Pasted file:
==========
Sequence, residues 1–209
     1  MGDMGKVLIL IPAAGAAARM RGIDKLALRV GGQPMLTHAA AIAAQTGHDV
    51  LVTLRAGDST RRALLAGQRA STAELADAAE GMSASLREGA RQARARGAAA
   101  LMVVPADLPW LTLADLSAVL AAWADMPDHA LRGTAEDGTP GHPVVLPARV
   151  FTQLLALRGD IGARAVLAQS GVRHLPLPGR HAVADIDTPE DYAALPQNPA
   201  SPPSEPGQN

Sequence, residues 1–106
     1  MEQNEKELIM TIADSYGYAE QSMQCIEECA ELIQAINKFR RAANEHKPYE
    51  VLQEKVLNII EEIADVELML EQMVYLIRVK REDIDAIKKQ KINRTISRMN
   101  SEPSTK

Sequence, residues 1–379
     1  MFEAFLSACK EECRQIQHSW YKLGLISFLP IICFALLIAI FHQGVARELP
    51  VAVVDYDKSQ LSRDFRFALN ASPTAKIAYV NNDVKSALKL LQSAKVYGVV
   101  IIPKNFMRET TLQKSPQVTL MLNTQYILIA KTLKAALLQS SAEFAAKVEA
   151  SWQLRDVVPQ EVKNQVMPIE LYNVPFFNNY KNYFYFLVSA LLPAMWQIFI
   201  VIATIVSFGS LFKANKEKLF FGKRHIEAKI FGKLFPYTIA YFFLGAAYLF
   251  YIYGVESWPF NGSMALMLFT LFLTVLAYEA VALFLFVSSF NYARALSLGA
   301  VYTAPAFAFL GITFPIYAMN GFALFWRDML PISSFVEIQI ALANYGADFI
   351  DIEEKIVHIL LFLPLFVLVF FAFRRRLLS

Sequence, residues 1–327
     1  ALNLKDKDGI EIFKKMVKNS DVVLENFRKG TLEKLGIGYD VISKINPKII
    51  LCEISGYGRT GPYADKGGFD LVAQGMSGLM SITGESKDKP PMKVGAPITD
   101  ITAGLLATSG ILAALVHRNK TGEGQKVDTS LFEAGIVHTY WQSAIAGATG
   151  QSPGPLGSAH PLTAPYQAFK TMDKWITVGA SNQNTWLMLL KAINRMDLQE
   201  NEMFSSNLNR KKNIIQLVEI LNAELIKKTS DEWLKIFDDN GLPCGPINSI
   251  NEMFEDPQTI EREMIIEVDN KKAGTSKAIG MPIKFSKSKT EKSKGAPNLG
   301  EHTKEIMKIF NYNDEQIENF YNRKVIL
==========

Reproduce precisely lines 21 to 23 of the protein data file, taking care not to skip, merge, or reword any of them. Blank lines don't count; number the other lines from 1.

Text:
     1  ALNLKDKDGI EIFKKMVKNS DVVLENFRKG TLEKLGIGYD VISKINPKII
    51  LCEISGYGRT GPYADKGGFD LVAQGMSGLM SITGESKDKP PMKVGAPITD
   101  ITAGLLATSG ILAALVHRNK TGEGQKVDTS LFEAGIVHTY WQSAIAGATG